‘Keep 1 round for each other’: Brits fighting ISIS agree death pact, won’t submit to capture
Jamie Read and James Hughes, who have returned home to see their families, revealed they had panic alarms fitted to their homes for fear of reprisals by British extremists.
The former soldiers decided to travel to Syria to fight ISIS after the British aid volunteer Alan Henning was murdered by militants. They said they could not stand by while innocent people were being killed.
Read, 24, told Sky News that he and Hughes, 26, “felt compelled” to take up arms, adding, “I could not justify sitting back in the UK and watching IS pretty much do what they like.”
“The counterterrorism police have got our houses red-flagged in the sense of if any calls come out from that area they will be straight to our house. We have got panic alarms fitted in both our houses now.”
Describing their arrival in Syria, the men said: “When we got to the safe house ... it's sort of dodgy-looking, so you think, ‘I don't really like this.’ At one point, you think, ‘Is this the point I'm going to get handed over?’”
In the interview, they described spending hours lying in the “pitch black” in no-man's land. They revealed that they had sold possessions to fund their flights to fight ISIS and had returned to the UK to “mounting debts and bills.”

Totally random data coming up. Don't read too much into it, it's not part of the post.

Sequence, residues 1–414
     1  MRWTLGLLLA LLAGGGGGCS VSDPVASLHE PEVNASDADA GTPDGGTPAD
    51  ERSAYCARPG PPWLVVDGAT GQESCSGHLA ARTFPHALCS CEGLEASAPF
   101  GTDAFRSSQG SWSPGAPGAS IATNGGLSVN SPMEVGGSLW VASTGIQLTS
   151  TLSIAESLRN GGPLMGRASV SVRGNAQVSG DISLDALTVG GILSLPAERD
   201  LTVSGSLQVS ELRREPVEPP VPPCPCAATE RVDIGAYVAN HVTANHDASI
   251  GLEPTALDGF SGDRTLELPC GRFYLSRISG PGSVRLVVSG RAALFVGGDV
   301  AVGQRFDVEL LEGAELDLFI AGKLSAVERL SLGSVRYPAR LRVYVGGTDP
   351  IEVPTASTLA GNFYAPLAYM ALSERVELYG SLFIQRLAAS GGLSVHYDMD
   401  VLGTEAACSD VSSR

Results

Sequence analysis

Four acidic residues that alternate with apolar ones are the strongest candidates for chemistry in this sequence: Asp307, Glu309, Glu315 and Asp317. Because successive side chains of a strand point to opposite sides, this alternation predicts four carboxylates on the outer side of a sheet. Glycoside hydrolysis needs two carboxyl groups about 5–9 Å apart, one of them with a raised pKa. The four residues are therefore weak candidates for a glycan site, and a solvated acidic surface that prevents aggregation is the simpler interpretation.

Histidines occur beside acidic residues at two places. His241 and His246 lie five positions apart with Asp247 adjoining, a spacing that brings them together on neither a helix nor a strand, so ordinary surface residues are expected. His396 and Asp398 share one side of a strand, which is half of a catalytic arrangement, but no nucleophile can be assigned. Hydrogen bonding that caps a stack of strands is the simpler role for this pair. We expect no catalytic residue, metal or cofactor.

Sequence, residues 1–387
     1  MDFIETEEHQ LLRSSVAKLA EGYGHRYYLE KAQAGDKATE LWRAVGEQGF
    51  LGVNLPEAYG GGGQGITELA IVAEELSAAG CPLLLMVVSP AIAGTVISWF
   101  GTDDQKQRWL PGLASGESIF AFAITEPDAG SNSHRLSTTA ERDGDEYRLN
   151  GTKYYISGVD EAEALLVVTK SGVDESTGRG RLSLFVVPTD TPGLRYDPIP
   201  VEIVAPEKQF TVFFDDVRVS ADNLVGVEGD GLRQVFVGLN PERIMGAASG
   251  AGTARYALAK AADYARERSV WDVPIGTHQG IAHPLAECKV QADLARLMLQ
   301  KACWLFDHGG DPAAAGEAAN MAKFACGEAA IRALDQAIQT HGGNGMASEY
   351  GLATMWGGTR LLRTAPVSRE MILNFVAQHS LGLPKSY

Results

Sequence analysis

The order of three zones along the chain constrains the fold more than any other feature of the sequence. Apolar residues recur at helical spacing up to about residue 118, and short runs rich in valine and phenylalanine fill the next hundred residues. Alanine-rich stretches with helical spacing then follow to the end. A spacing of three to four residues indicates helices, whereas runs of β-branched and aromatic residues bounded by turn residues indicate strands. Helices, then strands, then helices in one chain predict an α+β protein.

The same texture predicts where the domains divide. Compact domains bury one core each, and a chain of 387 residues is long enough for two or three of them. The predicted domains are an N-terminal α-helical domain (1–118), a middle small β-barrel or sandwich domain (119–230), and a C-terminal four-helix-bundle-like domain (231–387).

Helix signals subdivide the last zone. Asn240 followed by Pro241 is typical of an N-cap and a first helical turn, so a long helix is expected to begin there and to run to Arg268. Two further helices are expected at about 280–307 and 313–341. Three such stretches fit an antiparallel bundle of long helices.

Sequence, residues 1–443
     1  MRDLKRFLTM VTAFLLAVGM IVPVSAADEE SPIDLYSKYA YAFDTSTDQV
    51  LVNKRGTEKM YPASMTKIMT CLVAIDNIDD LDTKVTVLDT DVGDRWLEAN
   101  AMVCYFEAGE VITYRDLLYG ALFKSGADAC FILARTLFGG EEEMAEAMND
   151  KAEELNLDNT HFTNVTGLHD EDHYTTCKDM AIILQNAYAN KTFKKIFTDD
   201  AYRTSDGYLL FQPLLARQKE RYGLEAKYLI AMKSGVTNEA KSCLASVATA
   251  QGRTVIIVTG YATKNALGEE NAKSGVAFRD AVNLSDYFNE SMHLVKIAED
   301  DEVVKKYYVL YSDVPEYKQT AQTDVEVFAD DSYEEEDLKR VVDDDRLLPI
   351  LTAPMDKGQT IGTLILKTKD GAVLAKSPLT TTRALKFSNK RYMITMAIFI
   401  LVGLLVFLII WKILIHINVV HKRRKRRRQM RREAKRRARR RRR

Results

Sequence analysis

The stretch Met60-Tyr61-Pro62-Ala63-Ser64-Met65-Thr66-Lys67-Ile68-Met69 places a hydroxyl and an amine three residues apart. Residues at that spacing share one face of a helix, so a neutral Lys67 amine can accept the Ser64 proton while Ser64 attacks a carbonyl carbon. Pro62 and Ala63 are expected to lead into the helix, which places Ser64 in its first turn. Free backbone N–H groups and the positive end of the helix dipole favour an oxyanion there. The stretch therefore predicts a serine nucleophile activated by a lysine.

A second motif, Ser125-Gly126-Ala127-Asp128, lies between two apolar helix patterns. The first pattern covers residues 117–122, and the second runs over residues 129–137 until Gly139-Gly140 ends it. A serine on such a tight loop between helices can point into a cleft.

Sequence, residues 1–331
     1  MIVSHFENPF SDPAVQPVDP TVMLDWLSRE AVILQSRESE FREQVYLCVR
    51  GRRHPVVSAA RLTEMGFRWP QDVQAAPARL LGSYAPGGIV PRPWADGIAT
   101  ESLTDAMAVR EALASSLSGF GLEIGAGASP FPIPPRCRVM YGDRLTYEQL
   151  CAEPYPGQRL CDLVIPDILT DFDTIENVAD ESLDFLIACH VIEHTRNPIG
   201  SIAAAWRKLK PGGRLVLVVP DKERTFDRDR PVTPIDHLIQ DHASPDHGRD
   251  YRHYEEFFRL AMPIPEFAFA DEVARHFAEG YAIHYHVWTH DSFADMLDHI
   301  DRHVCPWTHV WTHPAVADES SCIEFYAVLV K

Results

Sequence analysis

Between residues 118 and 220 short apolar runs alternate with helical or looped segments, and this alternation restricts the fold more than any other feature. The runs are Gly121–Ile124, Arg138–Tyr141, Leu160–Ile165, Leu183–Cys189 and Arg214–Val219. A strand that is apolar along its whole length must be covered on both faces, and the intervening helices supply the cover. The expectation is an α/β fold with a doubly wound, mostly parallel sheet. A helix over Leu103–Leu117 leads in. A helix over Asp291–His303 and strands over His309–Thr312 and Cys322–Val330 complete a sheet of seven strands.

Upon their return they were detained at Heathrow Airport and questioned for six hours. When released the men were placed under monitoring by counterterrorism police.
They also said they had agreed to take their own lives rather than submit to capture by ISIS. “If at any one point we honestly, genuinely felt they were coming for us, it's definitely over, if we had rounds on us, if we had weapons on us then keep one for yourself,” Read said.
“We wouldn't get captured, bottom line, we couldn't get captured, we're not getting our heads paraded on YouTube, we made that vow before we went out.
“Everybody out there is carrying a round for themselves. Nobody wants to be captured by IS. Nobody wants to end up on YouTube getting their head cut off.
“So for us, as harsh as it sounds, it's probably the better way to go. It's the old saying, ‘you keep a round for each other.’”
Taxi driver Henning, 47, was beheaded by a masked militant known as Jihadi John in a video released online in October. To date, ISIS has posted five videos online showing the murders of US journalists James Foley and Steven Sotloff, British aid workers Henning and David Haines, and US aid worker Peter Kassig.
Asked whether they would return to Syria, Read said: “I'd like to think we would have the opportunity to go back.”
“I'm unsure on the political stance – I'm not sure whether our government would appreciate us going back.”